Although the Tajik government simplified the business registration process by adopting a single-window registration system for investors in 2019, that process still requires significant legal and human resources, government connections, and time.  The law, promulgated in 2009, states that a company could be registered in no more than five working days. Administrative delays and bureaucratic obstruction often mean a much longer process, according to investors.

In 2022, the government implemented a moratorium on business inspections, designed to reduce unannounced tax inspections of companies. These tax inspections were largely ad-hoc efforts to search for technical violations of arcane or opaque regulations, to assess fines with the purpose of increasing government revenues. Anecdotal reports indicate the tax commission inspectors assess predetermined penalties for “violations”. This moratorium is due to expire in 2023.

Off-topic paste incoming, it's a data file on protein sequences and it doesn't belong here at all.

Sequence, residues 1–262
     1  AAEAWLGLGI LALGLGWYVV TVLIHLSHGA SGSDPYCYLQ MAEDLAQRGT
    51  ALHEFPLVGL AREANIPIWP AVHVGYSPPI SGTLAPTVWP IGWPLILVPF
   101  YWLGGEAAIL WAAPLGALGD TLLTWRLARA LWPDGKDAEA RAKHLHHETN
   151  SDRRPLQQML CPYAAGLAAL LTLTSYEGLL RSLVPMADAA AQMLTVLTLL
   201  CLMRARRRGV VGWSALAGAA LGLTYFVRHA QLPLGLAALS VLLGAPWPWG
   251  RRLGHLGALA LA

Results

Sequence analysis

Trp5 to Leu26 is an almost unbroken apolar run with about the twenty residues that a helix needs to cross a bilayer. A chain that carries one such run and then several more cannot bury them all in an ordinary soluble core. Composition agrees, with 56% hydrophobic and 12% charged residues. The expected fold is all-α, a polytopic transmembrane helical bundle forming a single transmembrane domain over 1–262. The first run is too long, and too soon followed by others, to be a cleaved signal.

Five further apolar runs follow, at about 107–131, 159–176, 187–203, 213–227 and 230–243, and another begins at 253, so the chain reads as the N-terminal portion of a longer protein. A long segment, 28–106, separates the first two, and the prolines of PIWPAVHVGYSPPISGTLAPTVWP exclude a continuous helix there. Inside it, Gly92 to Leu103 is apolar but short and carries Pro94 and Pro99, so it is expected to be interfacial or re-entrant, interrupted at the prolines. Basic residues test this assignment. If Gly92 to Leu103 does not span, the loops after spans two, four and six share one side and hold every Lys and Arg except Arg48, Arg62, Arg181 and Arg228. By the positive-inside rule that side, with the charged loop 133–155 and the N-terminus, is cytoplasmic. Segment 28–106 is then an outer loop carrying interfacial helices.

The Tax Committee is the primary agency responsible for business registration (  ).  In addition to obtaining state registration through a single-window, a company must also register with the Social Protection Agency ( ); Statistics Agency under the President of Tajikistan ( ); Ministry of Labor, Migration, and Employment ( ); and Sanitary-Epidemiological Service at the Ministry of Health ( ); as well as with local authorities and municipal services.  According to Tajik regulations, registering a business should take less than five business days; in reality, it may take several weeks or even months due to bureaucracy and what investors have characterized as inappropriate or unlawful actions of the registering agencies. If a foreign citizen is appointed director of the company, additional documents may also be required, as well as their presence in Tajikistan.